The snowdrop dangles from his hands, bloodied and the tang of iron viscera covers his body.
Sensei is where he always is, eyes trained at a smutty book— or at least, it seems he is. His gaze is trained on the memorial stone- and isn’t that ironic?
The name of long dead fool lays on a piece of marble and Kakashi will always be too late, far too late to save those in the here and now. His eyes are looking too far away to ever notice those who are here.
His grip on the flower tightens, crushing the stem and he steels himself, sharingan flashing in anger and barely restrained pain.
“Kakashi, did you ever stop to think that a boy was long dead could never love you back?”
And isn’t that just a wonderful way to start this?
Kakashi turns slowly, the book nowhere to be seen and eyes him, half closed and tilted.
Sasuke smiles, a bitter and vicious crook of his lips. “I said— did you ever stop to think that a boy who has been dead for longer than we’ve been alive can never love you back.”
He can see the vibration in the left hand pinky of his teacher. He can see the pain his words are causing and the rage that is building.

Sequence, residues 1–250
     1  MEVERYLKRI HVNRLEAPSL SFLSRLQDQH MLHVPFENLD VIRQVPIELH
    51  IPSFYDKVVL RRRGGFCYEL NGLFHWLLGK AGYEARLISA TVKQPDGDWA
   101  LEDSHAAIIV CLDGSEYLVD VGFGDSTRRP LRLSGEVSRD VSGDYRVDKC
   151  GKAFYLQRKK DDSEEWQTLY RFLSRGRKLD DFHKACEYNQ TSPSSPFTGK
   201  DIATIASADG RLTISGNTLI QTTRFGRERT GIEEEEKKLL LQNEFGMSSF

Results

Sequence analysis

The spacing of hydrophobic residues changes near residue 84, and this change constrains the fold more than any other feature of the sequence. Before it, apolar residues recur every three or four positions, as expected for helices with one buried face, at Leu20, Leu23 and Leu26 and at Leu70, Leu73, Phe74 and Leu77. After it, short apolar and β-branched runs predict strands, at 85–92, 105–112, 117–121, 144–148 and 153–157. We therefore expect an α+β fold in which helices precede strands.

He tosses the blood stained flower at him, watches him catch it out of sheer reflex and eye the pink strands of hair that accompany it.
“Did you know she tore her chest open, to stop them?” He begins, causally and quietly— like they’re discussing the weather and not a girl who mutilated herself, desperate to stop the inexorable crawl of love. The blood is starting to dry on his fingers— and it itches. “She told me it hurt and she couldn’t get the last one out, couldn’t stop loving you for how sweet the pain was.”
There’s something like heartbreak on his teacher’s face but he doesn’t care.
“Did you ever stop to think Sensei, that maybe we could’ve loved you too?”
The flowers in Sasuke’s throat wave and dance in some gruesome pas de deux. He wonders, idly as he coughs, whether he cares enough to love anyone anymore.
The cherry blossoms in his hands, wilted and blood stained, tell a thousand words to the contrary.